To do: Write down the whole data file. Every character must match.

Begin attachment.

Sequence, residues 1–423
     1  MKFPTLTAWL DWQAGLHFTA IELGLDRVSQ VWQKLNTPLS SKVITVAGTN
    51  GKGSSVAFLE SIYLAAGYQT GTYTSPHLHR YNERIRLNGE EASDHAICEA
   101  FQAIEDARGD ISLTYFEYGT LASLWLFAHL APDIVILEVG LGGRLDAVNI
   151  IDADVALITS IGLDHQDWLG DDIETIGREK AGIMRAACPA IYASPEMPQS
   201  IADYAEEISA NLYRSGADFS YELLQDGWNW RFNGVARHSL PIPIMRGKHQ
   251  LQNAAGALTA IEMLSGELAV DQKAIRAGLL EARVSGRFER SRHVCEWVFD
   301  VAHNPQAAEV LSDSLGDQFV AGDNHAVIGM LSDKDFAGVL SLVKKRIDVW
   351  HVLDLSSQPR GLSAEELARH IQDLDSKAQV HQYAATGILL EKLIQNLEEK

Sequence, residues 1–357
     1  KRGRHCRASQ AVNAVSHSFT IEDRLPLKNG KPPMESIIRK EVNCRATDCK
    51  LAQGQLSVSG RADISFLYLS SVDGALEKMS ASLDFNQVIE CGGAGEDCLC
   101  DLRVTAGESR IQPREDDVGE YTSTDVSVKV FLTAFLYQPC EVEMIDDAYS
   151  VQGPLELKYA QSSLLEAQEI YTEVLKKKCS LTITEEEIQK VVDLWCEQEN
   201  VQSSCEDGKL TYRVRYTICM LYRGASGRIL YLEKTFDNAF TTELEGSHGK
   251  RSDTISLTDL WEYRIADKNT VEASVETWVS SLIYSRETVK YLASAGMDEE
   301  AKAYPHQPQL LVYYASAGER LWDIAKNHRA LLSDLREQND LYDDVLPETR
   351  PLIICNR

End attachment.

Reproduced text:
Sequence, residues 1–423
     1  MKFPTLTAWL DWQAGLHFTA IELGLDRVSQ VWQKLNTPLS SKVITVAGTN
    51  GKGSSVAFLE SIYLAAGYQT GTYTSPHLHR YNERIRLNGE EASDHAICEA
   101  FQAIEDARGD ISLTYFEYGT LASLWLFAHL APDIVILEVG LGGRLDAVNI
   151  IDADVALITS IGLDHQDWLG DDIETIGREK AGIMRAACPA IYASPEMPQS
   201  IADYAEEISA NLYRSGADFS YELLQDGWNW RFNGVARHSL PIPIMRGKHQ
   251  LQNAAGALTA IEMLSGELAV DQKAIRAGLL EARVSGRFER SRHVCEWVFD
   301  VAHNPQAAEV LSDSLGDQFV AGDNHAVIGM LSDKDFAGVL SLVKKRIDVW
   351  HVLDLSSQPR GLSAEELARH IQDLDSKAQV HQYAATGILL EKLIQNLEEK

Sequence, residues 1–357
     1  KRGRHCRASQ AVNAVSHSFT IEDRLPLKNG KPPMESIIRK EVNCRATDCK
    51  LAQGQLSVSG RADISFLYLS SVDGALEKMS ASLDFNQVIE CGGAGEDCLC
   101  DLRVTAGESR IQPREDDVGE YTSTDVSVKV FLTAFLYQPC EVEMIDDAYS
   151  VQGPLELKYA QSSLLEAQEI YTEVLKKKCS LTITEEEIQK VVDLWCEQEN
   201  VQSSCEDGKL TYRVRYTICM LYRGASGRIL YLEKTFDNAF TTELEGSHGK
   251  RSDTISLTDL WEYRIADKNT VEASVETWVS SLIYSRETVK YLASAGMDEE
   301  AKAYPHQPQL LVYYASAGER LWDIAKNHRA LLSDLREQND LYDDVLPETR
   351  PLIICNR